This turned out to be quite the mess. In no particular order, consider the following:
In a game most of the country watched closely, Ohio State, at home, barely squeaked by Michigan. The contest could have easily gone either way, given it took 2 overtimes to decide, but for the sake of argument let's say the best team prevailed. After all, the bookies had OSU as a 5 point favorite going in.
But the Buckeyes didn't even win their own division in the Big 10. That's because they were beaten on the road by Penn State earlier in the season.
Conversely, Michigan had hammered PSU weeks ago. So who's the best team?
Just last week, OSU eked out a victory at Michigan State. The Spartans are awful this year. They aren't even bowl eligible. Yet it was a game the Buckeyes could have -- likely should have lost.
Meanwhile, Michigan had semi-convincingly defeated MSU -- at MSU -- just a couple weeks ago. But the Wolverines dropped a game at Iowa a few weeks back. True, it was a nail biter, and again could have gone either way. But UM came up short. This loss has come back to haunt UM in the playoff picture. Any team purporting to be national championship contenders isn't supposed to drop a game, regardless of venue, to an unranked opponent. Period.
Michigan got by Wisconsin at home.
The Buckeyes beat them on the road.
Both were hard fought close contests, and these are the only blemishes on the Badgers' record. Other than that, they've pretty well rolled after an opening narrow win over LSU, a quality team.
But as things worked out, neither Michigan nor Ohio State will even compete for the Big 10 conference championship. That honor will go to Penn State and Wisconsin -- both ranked below UM and OSU. Weird, huh?
As it stands, Alabama and Ohio State are in regarding the Final Four. Likely too is Clemson. The fourth spot is up for grabs, and Washington out west can make a legitimate claim to it. But wait a second, they got hammered at home themselves a couple weeks back by unranked Southern Cal. That's not supposed to happen. So do the Huskies deserve a spot? Maybe, maybe not. But if not them -- who?
Michigan is likely out, though could arguably be considered among the best four teams in the country.
Of course, even Bama and/or Clemson could lose their own conference championship games next weekend. Not likely, but possible. How would that jumble the standings for the selection committee? What a nightmare.
Would UM get back in by default? Or might they be chosen anyway, even given the close, but fresh loss at OSU? Also possible.
Meanwhile, Ohio State's in the catbird seat. They don't even have to play next week, hence no chance of a loss, but are a virtual lock to be in the Final Four. While other teams, technically better qualified than the Buckeyes slug it out, OSU gets a free pass into the playoffs. Does that make sense?
The current four team playoff system is certainly better than the old ways, just two schools being selected to play for the championship -- and far more desirable than even further back, a mish-mash of various bowls, not always featuring top contenders squaring off. A champion was crowned by a vote, rather than being decided on the field. It's looks so dumb in hindsight, but the powers that be have always been resistant to change. Unless it means more money -- lots of it -- they'd just as soon sit on "tradition", which could quite possibly result in a very questionable outcome regarding a national champion.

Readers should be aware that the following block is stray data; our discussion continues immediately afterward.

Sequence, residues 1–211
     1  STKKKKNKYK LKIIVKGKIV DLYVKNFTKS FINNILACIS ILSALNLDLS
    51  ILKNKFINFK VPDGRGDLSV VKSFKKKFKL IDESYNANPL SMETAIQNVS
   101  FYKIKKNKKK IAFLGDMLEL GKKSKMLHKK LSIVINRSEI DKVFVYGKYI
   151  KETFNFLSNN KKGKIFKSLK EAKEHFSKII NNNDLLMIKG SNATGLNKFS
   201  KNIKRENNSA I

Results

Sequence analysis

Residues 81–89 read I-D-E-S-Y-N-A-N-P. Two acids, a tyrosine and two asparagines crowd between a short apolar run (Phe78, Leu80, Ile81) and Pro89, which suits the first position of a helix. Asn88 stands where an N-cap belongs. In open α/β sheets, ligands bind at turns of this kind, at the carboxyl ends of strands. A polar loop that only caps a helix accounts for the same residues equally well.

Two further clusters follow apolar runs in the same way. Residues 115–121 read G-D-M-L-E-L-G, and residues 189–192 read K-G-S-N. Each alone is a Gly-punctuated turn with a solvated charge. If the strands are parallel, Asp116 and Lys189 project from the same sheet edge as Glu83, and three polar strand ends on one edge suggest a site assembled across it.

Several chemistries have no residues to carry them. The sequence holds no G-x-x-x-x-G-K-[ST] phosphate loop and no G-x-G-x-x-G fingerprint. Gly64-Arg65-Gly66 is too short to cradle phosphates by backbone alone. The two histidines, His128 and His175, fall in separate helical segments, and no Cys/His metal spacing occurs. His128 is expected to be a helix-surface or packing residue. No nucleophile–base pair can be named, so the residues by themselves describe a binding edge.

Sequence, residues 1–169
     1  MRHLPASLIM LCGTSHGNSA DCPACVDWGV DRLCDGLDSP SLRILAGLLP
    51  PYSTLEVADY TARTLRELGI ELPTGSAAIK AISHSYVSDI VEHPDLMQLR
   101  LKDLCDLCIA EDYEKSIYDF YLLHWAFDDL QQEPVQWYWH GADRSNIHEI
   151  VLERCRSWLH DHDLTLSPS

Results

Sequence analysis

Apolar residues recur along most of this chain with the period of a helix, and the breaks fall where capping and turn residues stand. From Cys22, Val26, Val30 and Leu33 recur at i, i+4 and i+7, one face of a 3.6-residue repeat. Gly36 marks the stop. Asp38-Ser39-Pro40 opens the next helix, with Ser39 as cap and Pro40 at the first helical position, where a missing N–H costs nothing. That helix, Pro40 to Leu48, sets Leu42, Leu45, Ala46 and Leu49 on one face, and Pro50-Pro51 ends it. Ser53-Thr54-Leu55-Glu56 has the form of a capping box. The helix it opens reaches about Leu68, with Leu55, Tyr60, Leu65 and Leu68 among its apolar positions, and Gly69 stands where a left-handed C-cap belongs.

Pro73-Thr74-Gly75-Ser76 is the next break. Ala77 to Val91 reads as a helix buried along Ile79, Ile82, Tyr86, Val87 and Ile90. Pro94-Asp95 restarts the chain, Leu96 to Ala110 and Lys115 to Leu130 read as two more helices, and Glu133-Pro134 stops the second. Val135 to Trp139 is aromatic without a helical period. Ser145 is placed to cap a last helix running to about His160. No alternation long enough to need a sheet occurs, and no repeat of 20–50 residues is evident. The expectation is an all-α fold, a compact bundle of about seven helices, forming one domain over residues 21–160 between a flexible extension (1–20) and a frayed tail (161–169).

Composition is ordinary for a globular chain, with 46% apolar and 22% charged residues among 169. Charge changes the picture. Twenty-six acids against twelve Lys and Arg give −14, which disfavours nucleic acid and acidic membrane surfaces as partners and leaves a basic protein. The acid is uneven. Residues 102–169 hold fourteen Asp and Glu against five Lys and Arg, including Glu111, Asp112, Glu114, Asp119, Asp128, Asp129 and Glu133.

The solution? Though it righteously should have been this way all along, this particular year begs for it.
Expand the playoff format to eight teams. Sure, numbers 9 through probably 12 would likely squawk they were underrated, hence jobbed, but the line has to drawn somewhere. And it's highly unlikely anybody not ranked in the top eight at the end of the year is worthy of a championship shot anyway. And heck, it's just one more Saturday of games. After the conference championship games, the teams in the hunt have over a month off to sit around. They'd love to play an extra match and the participating schools would get another huge payday. On that note, spare me the argument that this would cut into the studying time for the precious "student-athletes". Good grief, a lot of the poor dears at huge collegiate football factories likely couldn't pass a seventh grade algebra exam. Who's kidding who?
This would also solve the dilemma of this year, and likely in the future. Take the following eight teams, and put them in a three game playoff.
And throw in Colorado. Though flying under the radar all year, the Buffs appear worthy as well.
Better yet, don't seed them where #1 plays #8, 2 versus 7, etc.
Draw the potential matches out of a hat and let the chips fall where they may. But nobody gets to play a game in their home state. Match them up to various bowl sites accordingly. How cool, not to mention fair, not to mention inclusive, would that be?
And isn't inclusivity the latest rage in America?
Well then, make it so when it comes to the playoffs.
And all the above mentioned items about team A beat team B, B beat C, and C beat A -- so who's best wouldn't have to be arbitrarily chosen for the chance at big time glory.
It would be decided on the field, with every worthy contender getting a chance.
Heck, every other sport does it that way, both in college and the pros. Have since forever. Even the lower divisions in college football have a better playoff system. Just not the big boys. How the hell can that be?